Jackson State University
Faculty Sponsor's Department(s):
EXAMINING THE FORMATION OF PEPTIDE AMPHIPHILE MICELLES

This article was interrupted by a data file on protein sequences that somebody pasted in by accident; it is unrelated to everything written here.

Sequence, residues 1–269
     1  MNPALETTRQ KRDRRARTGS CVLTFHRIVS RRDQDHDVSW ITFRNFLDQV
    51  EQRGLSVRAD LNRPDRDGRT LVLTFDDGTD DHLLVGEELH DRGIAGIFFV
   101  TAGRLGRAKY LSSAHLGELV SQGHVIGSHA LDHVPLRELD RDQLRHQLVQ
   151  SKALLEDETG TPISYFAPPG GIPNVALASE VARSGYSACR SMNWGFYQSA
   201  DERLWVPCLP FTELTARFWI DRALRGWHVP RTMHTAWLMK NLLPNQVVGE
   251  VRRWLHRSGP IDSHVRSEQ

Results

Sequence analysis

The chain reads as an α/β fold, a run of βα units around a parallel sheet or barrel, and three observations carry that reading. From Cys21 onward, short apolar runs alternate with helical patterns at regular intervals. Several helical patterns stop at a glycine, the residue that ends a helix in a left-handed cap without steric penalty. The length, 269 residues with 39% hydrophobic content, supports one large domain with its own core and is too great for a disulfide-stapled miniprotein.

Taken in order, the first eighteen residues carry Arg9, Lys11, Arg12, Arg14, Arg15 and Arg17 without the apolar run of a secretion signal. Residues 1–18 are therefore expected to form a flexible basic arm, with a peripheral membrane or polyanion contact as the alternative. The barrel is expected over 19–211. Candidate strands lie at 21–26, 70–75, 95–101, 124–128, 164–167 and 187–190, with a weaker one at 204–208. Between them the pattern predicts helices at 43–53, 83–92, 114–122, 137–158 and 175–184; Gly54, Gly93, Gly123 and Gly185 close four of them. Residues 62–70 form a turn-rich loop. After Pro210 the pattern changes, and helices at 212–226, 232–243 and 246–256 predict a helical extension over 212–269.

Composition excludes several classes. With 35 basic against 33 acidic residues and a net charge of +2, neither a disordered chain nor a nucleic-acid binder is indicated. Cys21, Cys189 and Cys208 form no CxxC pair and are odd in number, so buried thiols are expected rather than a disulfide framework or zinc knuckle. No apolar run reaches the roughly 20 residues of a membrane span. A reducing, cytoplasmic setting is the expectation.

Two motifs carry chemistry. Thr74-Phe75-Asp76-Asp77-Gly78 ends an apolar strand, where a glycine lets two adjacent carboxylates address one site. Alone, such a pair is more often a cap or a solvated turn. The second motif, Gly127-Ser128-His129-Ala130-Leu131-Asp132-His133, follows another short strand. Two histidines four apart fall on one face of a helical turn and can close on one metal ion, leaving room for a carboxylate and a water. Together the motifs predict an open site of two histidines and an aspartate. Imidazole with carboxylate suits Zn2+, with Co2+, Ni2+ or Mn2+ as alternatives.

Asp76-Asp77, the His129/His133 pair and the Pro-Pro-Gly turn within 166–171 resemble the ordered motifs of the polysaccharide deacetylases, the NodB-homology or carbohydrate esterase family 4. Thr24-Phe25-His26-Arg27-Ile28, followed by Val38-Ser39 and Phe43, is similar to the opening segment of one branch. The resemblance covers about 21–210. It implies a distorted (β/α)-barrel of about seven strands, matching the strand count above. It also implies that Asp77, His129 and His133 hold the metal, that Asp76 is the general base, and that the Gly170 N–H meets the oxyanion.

Amphiphilic molecules form micelles when introduced into an aqueous environment. A micelle structure consists of hydrophobic tails at the core of the structure with hydrophilic peptide groups as the shell. Pharmaceuticals and biologics can be protected from absorption within the core of the micelle and the peptide itself can be used as a therapeutic making these peptide amphiphilic micelles ideal objects for drug delivery. When micelles are created they form either spherical or cylindrical shapes. The micelle shape is critical in drug delivery because smaller spherical micelles may pass through membranes, whereas larger cylindrical micelles may be ideal for tissue binding. This project aims to find the cause of the formation of micelle spheres versus micelle cylinders. This is done by using various sequences of peptide chains and hydrophobic tails to determine if either groups persuade the micelle to form a certain shape. The peptides are characterized using reverse phase high performance liquid chromatography (HPLC), mass spectrometry, and dynamic light scattering (DLS). Currently, data shows that C10(GSS)4 and C16P4(GSS)4 forms a cylindrical micelle. Future work consists of characterizing and comparing more micelles and then introducing these structures into a physiological setting. Measuring the stability of these different micelles is a critical factor in drug delivery.